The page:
Hepatic Encephalopathy Meets the ED

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Author: Alfred Morrobel, MS3
Medical Student
Universidad Iberoamericana

Introduction & Pathophysiology 
Hepatic encephalopathy (HE), also known as portosystemic encephalopathy, is a potentially deadly complication of chronic liver failure. HE is commonly caused by liver failure due to cirrhosis, but there are non-cirrhotic causes as well. Cirrhosis is commonly caused by alcohol abuse and hepatitis B & C, each of which contribute to chronic liver scarring.[1] Symptoms are similar regardless of the underlying etiology. The basis of hepatic encephalopathy is ammonia accumulation in the brain, which produces drastic motor and cognitive impairment.[3] HE results in a constellation of neurological problems that includes chronic fatigue, difficulty thinking, forgetfulness, asterixis, poor judgment, excessive confusion, disorientation, personality changes, and hyperactive deep tendon reflexes.[2] Patients with HE may also demonstrate stigmata of chronic liver disease: jaundice, ascites, peripheral edema, telangiectasias, caput medusae, and palmar erythema. In general, physicians use scoring systems, such as the West Haven Criteria, when diagnosing HE because of the variety of symptoms HE can cause in any individual patient. The criteria depend on the severity of the patients’ clinical symptoms, whether they are cognitive, motor, or both (see summary in table 1). [2,4]

Table 1: Grading of Hepatic Encephalopathy

Emergency Setting
In the ED, physicians must recognize the signs of HE, begin treatment, and decide on an appropriate disposition for the patient. After recognizing the above signs and symptoms, emergency physicians should start by checking a glucose level, obtaining labs, and hydrating the patient with normal saline (0.9% saline solution). Intravenous dextrose should be considered. HE is a clinical diagnosis, however several laboratory studies should be obtained including: CBC, electrolytes, BUN, creatinine, ammonia, pH, and hepatic function tests [5] Therapies used to reduce circulating ammonia should be considered next. These therapies include non-absorbable disaccharides (oral Lactulose or Lactilol) and oral antibiotics (Rifaximin).[1] Both reduce intestinal production and absorption of NH4+.[1] They are given concomitantly, producing a synergistic effect to prevent the intestinal bacteria from producing ammonia; lactulose specifically also acidifies the colon, resulting in conversion of ammonium to ammonia which is subsequently excreted in the stool.[1] An alternative treatment is oral neomycin if the patient’s symptoms are refractory to lactulose treatment, but its use has been limited because of a concern for nephrotoxicity and ototoxicity.[1]

After these initial steps are taken, the emergency physician should determine the most appropriate disposition for the patient. Physicians should take into account the patient’s mental status, grading of HE, individual history, and potential other causes for the patient’s change in mental status. Discussion with the patient’s hepatologist or gastroenterologist is advised — if the patient has one. Generally, admission is indicated for the first episode and for any significant exacerbation of HE. It may be helpful to attempt to determine the underlying cause that precipitated the episode of HE.[1] The main precipitating factors include: drugs (sedatives or narcotics), hypovolemia (e.g. from vomiting or diarrhea), increased nitrogen load (from GI bleeding), and infections (think about spontaneous bacterial peritonitis, pneumonia, or UTI) [5] It should be noted that an elevated ammonia level doesn’t necessarily confirm or rule out HE in patients with chronic liver disease.[6]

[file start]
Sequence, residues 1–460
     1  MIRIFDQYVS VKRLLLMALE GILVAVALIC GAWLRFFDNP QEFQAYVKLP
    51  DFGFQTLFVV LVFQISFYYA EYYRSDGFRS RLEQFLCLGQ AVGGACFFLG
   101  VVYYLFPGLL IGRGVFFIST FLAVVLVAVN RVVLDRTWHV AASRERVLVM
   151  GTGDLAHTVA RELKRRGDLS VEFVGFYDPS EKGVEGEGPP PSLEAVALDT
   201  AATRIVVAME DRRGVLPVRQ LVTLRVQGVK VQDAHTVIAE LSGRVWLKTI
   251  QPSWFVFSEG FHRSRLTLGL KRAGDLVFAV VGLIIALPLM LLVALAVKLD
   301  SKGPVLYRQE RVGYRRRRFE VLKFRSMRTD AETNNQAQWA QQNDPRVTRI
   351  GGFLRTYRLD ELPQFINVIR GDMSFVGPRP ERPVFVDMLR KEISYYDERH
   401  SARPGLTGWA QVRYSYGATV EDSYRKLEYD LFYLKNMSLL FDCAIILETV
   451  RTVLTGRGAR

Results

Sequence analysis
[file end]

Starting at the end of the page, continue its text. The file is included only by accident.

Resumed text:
In summary: 1-Consider the diagnosis (altered mental status in a patient with liver disease), 2-Evaluate for other issues (hypoglycemia, infection), 3-Start treatment (fluids and Lactulose), 4-Make an appropriate disposition.


1. Vandana K, Poordad F. Hepatic Encephalopathy. Clinics in Liver Disease. 2012; 16(2): 301-320. DOI:10.1016/j.cld.2012.03.009

2. Al-Busafi SA, McNabb-Baltar J, Farag A, Hilzenrat N. Clinical Manifestations of Portal Hypertension. International Journal of Hepatology. 2012; Article ID 203794, 10 pages. doi:10.1155/2012/203794

3. Vilstrup H. Hepatic Encephalopathy in Chronic Liver Disease: 2014 Practice Guideline by the European Association for the Study of the Liver and the American Association for the Study of Liver Diseases. Journal of Hepatology. 2014; 61(3): 643-644. doi: 10.1016/j.jhep.2014.05.042

4. Poh Z, Chang PEJ. A Current Review of the Diagnostic and Treatment Strategies of Hepatic Encephalopathy. International Journal of Hepatology. 2012; Article ID 480309, 10 pages, 2012. doi:10.1155/2012/480309

5. Tariq M, Iqbal S, Khan N, Basri R. Precipitating Factors of Hepatic Encephalopathy. Rawal Medical Journal. 2009;34(1): 95-97.

6. Arora S, Martin CL, Herbert M. Myth: Intepretation of a single ammonia level in patients with chronic liver disease can confirm or rule out hepatic encephalopathy. Canadian Journal of Emergency Medicine. 2008;8(6): 433-435. doi:10.1017/2015/S14818035000